Ecuador is most closely identified with its Galapagos Islands archipelago. But mainland Ecuador, straddling two hemispheres, has a dynamic character all its own. Once the Inca Empire's northernmost territory, it boasts important archeological sites as well as Pre-Inca fortresses. In the highland valleys, Quechua-speaking communities continue the traditions of weaving and create artwork and handicrafts using much the same techniques as generations past. It is possible to travel upriver via dugout canoe into the still-pristine Amazon Rainforest to stay at a simple ecolodge run by an ancestral tribe, who are clinging to their forest home while learning about small-scale ecotourism that might help them stay there. Indigenous communities in the inland highlands have histories that stretch back millennia. Estimates reveal that 25 percent of nation’s population today is of indigenous heritage. Some of Ecuador’s established markets have existed for a thousand years. The beautifully preserved cities of Quito and Cuenca are noted for sumptuous 16th-century art and architecture. Mainland Ecuador rewards travelers handsomely.
In partnership with such groups as the Rainforest Alliance, Ecuador is working to conserve its wildlife, environment, and protect its indigenous cultures. Expanding community-based tourism efforts to include agro-tourism and enhanced sustainable tourism offerings, the goal is to diversify and more broadly distribute the benefits of tourism throughout the country, while mitigating negative impacts, and presenting sustainable economic development alternatives to resource-extractive industries such as mining and logging in the Amazon.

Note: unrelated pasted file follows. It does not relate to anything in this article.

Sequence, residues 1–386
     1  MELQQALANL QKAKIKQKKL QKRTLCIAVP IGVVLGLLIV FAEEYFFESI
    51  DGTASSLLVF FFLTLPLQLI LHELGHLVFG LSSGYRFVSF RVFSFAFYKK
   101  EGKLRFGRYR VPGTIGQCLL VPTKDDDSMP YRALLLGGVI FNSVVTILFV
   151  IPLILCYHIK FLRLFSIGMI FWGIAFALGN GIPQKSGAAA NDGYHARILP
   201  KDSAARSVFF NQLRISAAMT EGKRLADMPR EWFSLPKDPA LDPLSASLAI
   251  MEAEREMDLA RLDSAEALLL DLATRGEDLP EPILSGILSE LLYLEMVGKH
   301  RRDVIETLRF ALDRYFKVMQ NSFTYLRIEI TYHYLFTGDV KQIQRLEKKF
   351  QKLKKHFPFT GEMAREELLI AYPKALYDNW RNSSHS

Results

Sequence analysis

Destination stewardship planning is underway at the national level with multiple stakeholders, including government, NGOs, private sector and communities, to increase understanding and awareness of sustainable tourism best practices.
From its bustling high-mountain capital, Quito, Ecuador descends gracefully into the wilds of the Amazon basin to the east, and to the shores of the Pacific Ocean in the west. Tucked into its undulating valleys, the Quechua peoples of Ecuador have worked the land for thousands of years, building a cultural history of agriculture, weaving, and handicrafts that have survived into the present, alongside the archeological relics of the Incas, and the graceful Spanish colonial cities. The country is also considered to be the most biodiverse place on Earth. Learn more about the galapagos.com values.Why the Finch Ranking?